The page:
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The repair language was discussed by Republicans during their closed-door policy retreat in Philadelphia last week as a better way to brand their strategy. Some of that discussion flowed from views that Republicans may not be headed toward a total replacement.

So why are they doing this?

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    When one of your questions gets deleted, please don't repost it without changes. I made the required changes to your question which changes it from an opinion piece to an answerable question. – Philipp Feb 3 '17 at 9:30
  • Thank you for the edits. I still want to know why they suddenly sound like Clinton. As for the other post, I made the changes you suggested then waited a couple of days and nothing happened, (it stayed deleted and I was unable to undelete).. btw, a comment would have been enough to get me to make those changes. But taking that post out of play gave me no other option than to put up the question again. I still want to know the answer. The establishment (both D & R) seem to be holding together against the president. – SDsolar Feb 3 '17 at 19:56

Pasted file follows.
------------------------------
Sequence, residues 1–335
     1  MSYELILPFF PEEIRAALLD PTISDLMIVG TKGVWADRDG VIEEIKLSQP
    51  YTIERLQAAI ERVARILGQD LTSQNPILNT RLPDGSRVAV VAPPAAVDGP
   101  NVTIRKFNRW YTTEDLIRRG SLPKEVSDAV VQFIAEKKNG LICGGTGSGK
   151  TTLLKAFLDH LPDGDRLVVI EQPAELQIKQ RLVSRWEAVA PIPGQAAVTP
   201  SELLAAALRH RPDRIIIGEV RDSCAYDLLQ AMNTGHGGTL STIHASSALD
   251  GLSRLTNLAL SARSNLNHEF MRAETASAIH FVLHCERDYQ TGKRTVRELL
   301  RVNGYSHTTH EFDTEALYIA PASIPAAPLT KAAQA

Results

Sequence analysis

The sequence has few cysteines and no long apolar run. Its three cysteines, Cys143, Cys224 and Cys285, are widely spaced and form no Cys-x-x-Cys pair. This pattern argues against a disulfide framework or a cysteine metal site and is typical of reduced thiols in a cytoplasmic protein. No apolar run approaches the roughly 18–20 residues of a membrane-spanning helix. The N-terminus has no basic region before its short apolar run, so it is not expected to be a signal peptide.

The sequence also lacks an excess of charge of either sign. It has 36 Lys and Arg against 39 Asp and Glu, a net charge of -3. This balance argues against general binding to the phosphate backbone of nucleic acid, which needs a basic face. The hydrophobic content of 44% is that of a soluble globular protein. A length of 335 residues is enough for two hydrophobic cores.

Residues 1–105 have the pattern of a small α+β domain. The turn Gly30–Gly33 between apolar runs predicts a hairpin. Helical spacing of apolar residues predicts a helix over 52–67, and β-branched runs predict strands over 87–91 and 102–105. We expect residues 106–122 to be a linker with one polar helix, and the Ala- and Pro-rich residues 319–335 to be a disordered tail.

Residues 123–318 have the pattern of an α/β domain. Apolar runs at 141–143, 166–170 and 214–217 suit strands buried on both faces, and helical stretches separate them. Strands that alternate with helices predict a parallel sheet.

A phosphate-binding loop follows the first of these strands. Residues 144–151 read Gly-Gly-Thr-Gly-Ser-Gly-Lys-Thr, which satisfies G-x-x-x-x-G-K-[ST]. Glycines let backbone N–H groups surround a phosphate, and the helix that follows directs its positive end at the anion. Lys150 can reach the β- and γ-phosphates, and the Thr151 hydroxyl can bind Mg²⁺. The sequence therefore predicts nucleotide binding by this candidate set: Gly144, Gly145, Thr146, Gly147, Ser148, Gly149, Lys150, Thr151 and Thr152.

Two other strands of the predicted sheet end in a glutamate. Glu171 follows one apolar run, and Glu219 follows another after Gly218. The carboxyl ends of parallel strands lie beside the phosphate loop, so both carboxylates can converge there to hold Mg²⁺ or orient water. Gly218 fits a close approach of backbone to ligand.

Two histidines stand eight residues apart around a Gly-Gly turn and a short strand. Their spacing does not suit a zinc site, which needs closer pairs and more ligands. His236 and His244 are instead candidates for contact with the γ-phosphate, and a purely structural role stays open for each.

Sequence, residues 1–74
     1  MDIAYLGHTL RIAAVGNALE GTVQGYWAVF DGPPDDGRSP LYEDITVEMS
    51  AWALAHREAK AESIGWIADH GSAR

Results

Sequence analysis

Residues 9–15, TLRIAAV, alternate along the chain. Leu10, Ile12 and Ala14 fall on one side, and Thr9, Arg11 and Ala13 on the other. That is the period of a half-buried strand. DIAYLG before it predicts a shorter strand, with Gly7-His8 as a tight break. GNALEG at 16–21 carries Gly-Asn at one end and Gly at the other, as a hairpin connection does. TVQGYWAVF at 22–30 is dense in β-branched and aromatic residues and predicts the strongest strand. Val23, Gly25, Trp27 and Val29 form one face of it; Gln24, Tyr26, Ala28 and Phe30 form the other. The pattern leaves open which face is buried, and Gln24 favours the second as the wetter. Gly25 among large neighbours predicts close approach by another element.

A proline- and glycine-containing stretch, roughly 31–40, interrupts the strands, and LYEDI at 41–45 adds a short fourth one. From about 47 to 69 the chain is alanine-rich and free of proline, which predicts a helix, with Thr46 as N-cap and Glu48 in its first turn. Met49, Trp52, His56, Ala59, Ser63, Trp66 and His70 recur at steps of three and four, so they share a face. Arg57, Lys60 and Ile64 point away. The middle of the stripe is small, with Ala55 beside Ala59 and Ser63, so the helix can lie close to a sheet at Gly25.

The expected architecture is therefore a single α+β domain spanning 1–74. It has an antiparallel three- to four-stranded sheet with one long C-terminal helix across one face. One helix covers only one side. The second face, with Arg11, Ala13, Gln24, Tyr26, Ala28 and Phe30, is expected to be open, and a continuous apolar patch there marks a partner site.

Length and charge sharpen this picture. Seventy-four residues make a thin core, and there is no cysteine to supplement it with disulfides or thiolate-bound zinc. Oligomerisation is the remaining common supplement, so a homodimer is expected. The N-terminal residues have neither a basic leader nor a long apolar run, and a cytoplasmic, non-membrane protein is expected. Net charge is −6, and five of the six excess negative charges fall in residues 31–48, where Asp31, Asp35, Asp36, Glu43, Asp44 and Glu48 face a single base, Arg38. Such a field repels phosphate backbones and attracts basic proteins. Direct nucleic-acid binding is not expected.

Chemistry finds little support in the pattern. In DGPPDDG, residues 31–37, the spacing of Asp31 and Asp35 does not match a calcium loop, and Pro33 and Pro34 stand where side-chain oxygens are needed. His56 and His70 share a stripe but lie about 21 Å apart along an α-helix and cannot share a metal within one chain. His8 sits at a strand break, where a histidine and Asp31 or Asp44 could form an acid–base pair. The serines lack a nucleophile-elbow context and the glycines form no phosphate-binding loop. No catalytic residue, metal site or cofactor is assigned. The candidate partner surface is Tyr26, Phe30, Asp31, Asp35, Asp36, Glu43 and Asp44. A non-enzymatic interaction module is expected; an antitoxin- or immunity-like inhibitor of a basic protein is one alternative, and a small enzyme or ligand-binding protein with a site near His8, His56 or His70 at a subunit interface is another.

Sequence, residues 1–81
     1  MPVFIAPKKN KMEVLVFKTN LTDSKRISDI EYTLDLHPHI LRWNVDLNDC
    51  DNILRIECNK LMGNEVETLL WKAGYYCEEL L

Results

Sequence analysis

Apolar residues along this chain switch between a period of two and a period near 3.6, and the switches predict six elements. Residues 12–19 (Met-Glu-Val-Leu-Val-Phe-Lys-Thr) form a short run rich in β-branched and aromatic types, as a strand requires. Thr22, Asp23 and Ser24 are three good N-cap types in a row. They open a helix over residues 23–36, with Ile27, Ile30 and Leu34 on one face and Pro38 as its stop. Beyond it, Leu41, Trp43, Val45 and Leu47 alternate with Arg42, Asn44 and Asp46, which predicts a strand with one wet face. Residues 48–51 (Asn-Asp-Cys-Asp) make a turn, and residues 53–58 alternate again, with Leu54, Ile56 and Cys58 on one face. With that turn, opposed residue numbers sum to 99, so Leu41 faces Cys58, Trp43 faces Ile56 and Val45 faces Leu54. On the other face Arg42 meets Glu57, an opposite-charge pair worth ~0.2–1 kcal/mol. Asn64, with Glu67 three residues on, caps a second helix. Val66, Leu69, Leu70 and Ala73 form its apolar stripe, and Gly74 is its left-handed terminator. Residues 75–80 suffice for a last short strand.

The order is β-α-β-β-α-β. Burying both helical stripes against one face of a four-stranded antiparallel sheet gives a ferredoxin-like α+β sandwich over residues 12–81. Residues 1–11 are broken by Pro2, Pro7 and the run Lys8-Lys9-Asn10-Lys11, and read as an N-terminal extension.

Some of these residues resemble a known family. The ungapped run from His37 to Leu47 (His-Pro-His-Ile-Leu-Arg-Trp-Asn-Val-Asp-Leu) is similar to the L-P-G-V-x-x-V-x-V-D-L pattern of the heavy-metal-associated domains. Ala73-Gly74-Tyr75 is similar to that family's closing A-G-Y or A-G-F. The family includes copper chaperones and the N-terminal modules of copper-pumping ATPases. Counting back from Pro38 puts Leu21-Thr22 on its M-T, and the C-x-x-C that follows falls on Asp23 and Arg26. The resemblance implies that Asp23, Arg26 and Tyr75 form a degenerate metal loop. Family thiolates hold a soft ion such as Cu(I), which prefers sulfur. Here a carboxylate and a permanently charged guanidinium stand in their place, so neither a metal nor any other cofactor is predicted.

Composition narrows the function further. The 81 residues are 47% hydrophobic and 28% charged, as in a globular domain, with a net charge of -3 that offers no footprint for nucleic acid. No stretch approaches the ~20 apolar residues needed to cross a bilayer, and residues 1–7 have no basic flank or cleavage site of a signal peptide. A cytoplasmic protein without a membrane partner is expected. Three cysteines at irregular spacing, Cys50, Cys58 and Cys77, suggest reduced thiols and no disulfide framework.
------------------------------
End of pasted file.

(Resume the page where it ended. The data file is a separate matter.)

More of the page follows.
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    Just an opinion: it would appear 'repeal' was a better campaigning slogan for their target demographic, but 'repair' is simply a more pragmatic policy. – user1530 Feb 3 '17 at 20:19
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    @SDsolar There is always the possibility that Republican legislators have come to the conclusion the president has proposed a policy that has not been well thought through and is therefore likely to fail, similar to his actions on immigration. – phoog Feb 3 '17 at 20:50
  • Because they never knew it could be so complicated. – userLTK Mar 21 '17 at 5:23
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It's partly semantics and partly implementation strategy.

Context

The ACA isn't a single provision, it's a maze of interlocking pieces that has hooks in every aspect of life in the US. It can't simply be terminated or replaced overnight because it would be like trying to unscramble an egg. When all is said and done, there will be a system in place with differences from the ACA. As the ACA, itself, demonstrated, trying to implement change of this scope and complexity in a single step leads to unanticipated problems.